The only thing worse than a sore loser is a sore winner. And the only thing worse than a sore winner is a sore winner who blames externalities for dragging down the team while failing to realize that she’s actually the one doing the dragging. Wambach has been slow and bad during this year’s World Cup, and while you can’t blame an athlete for getting old, you can blame her for not realizing it, especially when her self-denial works to the detriment of a team built offensively around her.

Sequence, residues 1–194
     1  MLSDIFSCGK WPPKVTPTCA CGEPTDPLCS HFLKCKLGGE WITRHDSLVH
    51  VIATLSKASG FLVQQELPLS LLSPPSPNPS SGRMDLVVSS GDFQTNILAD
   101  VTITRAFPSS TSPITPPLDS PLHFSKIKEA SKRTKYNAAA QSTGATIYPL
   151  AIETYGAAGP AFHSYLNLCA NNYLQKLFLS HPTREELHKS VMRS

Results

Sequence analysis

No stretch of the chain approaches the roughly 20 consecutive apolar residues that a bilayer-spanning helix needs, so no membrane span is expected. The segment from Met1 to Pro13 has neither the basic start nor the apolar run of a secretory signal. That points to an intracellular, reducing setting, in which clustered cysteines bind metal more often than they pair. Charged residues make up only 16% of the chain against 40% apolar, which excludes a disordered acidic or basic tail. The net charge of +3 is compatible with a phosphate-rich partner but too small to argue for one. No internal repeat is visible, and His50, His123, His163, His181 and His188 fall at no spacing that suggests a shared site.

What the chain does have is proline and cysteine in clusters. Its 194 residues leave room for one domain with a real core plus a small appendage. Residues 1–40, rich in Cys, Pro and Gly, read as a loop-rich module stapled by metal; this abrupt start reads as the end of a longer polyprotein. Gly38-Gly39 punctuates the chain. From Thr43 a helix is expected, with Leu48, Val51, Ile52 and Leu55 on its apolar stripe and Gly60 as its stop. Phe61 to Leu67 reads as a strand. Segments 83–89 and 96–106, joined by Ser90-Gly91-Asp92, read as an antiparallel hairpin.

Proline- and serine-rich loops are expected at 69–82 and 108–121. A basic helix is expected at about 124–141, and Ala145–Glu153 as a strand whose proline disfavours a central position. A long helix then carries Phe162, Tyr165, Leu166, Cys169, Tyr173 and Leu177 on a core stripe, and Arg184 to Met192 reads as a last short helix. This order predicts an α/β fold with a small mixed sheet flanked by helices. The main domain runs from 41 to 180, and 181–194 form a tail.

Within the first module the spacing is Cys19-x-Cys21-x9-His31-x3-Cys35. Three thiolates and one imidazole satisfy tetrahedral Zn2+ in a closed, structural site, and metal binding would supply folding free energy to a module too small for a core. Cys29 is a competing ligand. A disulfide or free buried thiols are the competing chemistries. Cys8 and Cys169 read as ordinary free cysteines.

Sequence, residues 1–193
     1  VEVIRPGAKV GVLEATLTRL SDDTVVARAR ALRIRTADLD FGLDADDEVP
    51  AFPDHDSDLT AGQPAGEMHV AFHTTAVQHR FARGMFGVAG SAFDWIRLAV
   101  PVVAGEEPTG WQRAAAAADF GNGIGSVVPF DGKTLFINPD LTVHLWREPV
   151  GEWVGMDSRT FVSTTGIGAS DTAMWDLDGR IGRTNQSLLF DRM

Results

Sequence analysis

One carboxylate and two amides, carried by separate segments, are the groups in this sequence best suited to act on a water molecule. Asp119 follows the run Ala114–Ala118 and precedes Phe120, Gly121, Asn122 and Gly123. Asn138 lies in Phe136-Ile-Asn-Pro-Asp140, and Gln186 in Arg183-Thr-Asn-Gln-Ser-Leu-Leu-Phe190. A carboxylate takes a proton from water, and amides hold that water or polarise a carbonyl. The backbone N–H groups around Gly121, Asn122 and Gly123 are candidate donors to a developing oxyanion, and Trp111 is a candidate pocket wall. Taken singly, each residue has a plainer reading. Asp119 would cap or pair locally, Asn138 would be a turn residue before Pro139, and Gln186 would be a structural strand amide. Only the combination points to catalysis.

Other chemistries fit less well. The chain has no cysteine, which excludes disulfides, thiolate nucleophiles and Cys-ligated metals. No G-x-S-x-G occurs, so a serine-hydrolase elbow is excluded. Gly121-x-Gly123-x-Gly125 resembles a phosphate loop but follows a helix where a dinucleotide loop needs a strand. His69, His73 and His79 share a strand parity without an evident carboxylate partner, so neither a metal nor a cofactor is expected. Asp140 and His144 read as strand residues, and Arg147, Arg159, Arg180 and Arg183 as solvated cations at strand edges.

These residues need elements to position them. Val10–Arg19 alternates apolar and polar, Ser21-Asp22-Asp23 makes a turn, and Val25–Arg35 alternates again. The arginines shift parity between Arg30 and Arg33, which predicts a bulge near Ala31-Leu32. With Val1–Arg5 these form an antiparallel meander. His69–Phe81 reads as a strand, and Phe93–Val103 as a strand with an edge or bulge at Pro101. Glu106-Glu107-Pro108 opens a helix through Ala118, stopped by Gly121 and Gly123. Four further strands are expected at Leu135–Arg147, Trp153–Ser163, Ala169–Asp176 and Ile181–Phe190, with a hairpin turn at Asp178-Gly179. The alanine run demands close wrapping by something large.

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Sportsmanship aside, the claim that the ref was out to get the Americans is bogus—the U.S. was awarded two penalty kicks in the game and Colombia had a goalkeeper sent off. Also, it wasn’t the first time at this tournament that Wambach had blamed external factors in a way that distracted from her own poor performance: After missing multiple headers in the team’s first two games, Wambach said she would have scored, but she didn’t want to lay out her body on the artificial turf. (The turf problem is a legitimate issue, and one that arugably indicates sexism at FIFA, given that the men’s World Cup is played on real grass. But when Wambach mentioned it, the time for using it as an excuse had already passed.) Anyway, not only were her conspiratorial comments inartful and lacking self-awareness, they also placed her at risk of her own suspension ahead of the crucial game against China.